8 November 2012

Africa: Technology and Humanitarian Relief

opinion

Rapid ICT developments are changing the way aid is disbursed.

Information and communication technology is evolving at an extraordinary pace, constantly changing the way we live and work. With rising mobile phone penetration and recent innovations in "branchless banking" in low- and middle-income countries, governments and aid agencies are increasingly looking to these new technologies to serve humanitarian responses.

Since the Indian Ocean tsunami in 2004, there has been a growing trend towards humanitarian assistance in the form of cash grants, rather than food or other commodities. Getting large amounts of cash to isolated and often unstable environments presents aid agencies with obvious logistical and security challenges, but new techniques are arising.

Electronic payment systems are a quick, secure, transparent and cost-effective alternative to delivering cash by road, in envelopes. These systems allow money to be transferred using debit cards, chip-enabled cards or mobile money systems on mobile phones. Though originally developed by the banking and telecoms sectors as a means to "bank the unbanked" and expand their customer base and market share, these are now being used by aid agencies to transfer money to where it is needed most.

Rather than receive cash in hand, recipients are now getting cash grants from aid agencies via card accounts or mobile phones, allowing people to withdraw money from branchless banking 'agents' (usually a local trader) or purchase the items they need in local shops. Since the original mobile money product - Safaricom's M-Pesa platform in Kenya - was developed seven years ago, mobile money services have expanded across East Africa and are becoming available in Nigeria, Niger, Haiti, Zimbabwe, Afghanistan, Pakistan and Somalia.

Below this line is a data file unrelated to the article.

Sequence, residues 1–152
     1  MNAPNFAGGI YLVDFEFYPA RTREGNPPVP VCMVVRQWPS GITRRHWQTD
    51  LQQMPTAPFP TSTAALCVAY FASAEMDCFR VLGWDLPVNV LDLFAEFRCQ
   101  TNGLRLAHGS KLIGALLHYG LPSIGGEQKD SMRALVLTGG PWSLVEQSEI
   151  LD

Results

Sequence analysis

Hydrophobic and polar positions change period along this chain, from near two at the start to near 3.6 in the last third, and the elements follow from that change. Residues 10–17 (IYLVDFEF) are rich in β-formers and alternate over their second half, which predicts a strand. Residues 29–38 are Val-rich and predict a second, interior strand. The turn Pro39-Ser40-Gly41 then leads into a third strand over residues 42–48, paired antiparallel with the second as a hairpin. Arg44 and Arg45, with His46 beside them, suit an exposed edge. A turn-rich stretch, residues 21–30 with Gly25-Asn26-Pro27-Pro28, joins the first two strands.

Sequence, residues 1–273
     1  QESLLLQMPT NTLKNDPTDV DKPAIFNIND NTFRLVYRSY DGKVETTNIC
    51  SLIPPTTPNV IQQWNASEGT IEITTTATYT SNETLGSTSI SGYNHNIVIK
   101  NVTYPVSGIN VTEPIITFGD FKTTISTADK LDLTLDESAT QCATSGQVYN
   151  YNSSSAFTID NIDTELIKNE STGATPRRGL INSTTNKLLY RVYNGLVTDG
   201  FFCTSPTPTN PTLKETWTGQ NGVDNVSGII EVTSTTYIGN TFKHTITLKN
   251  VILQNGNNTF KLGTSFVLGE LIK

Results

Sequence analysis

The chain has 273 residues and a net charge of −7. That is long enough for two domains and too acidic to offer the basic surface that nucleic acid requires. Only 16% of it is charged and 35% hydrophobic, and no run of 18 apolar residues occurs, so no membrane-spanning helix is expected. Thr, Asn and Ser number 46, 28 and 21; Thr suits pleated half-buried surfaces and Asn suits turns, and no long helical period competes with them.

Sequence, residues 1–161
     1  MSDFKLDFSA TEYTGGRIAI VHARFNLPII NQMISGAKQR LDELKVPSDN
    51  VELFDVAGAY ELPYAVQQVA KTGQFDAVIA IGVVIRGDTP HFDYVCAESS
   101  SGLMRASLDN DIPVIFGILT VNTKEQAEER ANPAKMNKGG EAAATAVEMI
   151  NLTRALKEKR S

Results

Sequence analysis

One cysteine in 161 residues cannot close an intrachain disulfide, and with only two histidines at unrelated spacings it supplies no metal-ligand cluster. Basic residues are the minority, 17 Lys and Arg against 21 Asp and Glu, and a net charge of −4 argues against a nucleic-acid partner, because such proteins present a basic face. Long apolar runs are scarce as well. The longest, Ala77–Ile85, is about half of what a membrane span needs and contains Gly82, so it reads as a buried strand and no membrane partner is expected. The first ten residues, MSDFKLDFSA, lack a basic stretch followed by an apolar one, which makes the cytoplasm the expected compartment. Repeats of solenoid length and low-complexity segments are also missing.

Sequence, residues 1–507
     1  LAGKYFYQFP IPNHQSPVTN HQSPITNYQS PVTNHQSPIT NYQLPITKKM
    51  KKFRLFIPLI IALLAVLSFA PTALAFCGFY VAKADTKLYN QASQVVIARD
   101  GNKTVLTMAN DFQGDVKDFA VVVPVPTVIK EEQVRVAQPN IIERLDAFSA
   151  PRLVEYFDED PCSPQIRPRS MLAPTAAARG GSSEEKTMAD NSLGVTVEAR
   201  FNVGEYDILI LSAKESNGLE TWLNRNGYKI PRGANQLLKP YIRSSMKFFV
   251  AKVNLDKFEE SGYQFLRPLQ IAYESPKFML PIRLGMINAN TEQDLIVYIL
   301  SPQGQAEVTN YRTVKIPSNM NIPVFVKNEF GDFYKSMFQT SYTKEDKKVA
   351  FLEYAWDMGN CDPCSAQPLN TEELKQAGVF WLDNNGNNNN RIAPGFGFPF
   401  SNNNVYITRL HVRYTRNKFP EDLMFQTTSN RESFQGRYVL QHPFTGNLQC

Since M-Pesa became the first service used to deliver aid in the aftermath of the food price crisis of 2007-8, private firms have partnered with aid agencies and governments to deliver cash transfers in Haiti, Niger, Côte d'Ivoire, Kenya and the Philippines. Similar developments have taken place with card-based services, the largest in Pakistan when the government used pre-paid debit cards, provided by UBL Bank, to distribute aid to 1.3 million people affected by floods.

By the end of 2011, electronic payment systems had been used for cash transfers in 25 aid programmes in 11 countries. Alongside improved security, accountability, cost and speed of aid delivery, there are benefits for service providers too. Humanitarian agencies can be significant clients, generating high volumes of transactions, giving emerging branchless banking systems a welcome injection of cash.

With the majority of aid recipients fitting the 'unbanked' demographic, companies are also introduced to a previously untapped market. The use of branchless banking systems also allows for involvement of the wider national population and diaspora communities in humanitarian efforts. In response to the 2011 crisis in the Horn of Africa, Safaricom launched their 'Kenya for Kenyans' campaign, which allowed M-Pesa customers to text donations. Before the end of 2011 this raised over 150m Kenyan shillings ($1.7m).

While partnering with private sector service providers offers huge promise for quick, precise and flexible aid delivery, even in challenging environments, some barriers must be overcome if aid programmes are to adopt these services systematically and on a large scale. Recipients of aid are arguably the world's poorest; they live in isolated communities with limited infrastructure and knowledge of technology. Branchless banking systems are still developing and their coverage is limited.

The lack of mobile network coverage in rural areas, especially in Africa, presents a significant challenge. Establishing the processes and systems to use electronic payment systems on a humanitarian programme also takes time - time which is of the essence once an emergency is declared. When Kenya was faced with drought in 2011, despite having the world's most developed mobile money services, these factors combined to make electronic payments unviable for much of the humanitarian response.

Greater collaboration between the private sector, aid agencies and governments and an increased focus on innovation and preparedness would allow the potential of mobile and card-based payment systems to be realised on a more significant scale. By taking advantage of new low-cost technologies and developing co-financing arrangements and service delivery models it should be possible to extend networks and provide under-served and disaster-prone areas with these services.

Gabrielle Smith is social protection adviser at Concern Worldwide

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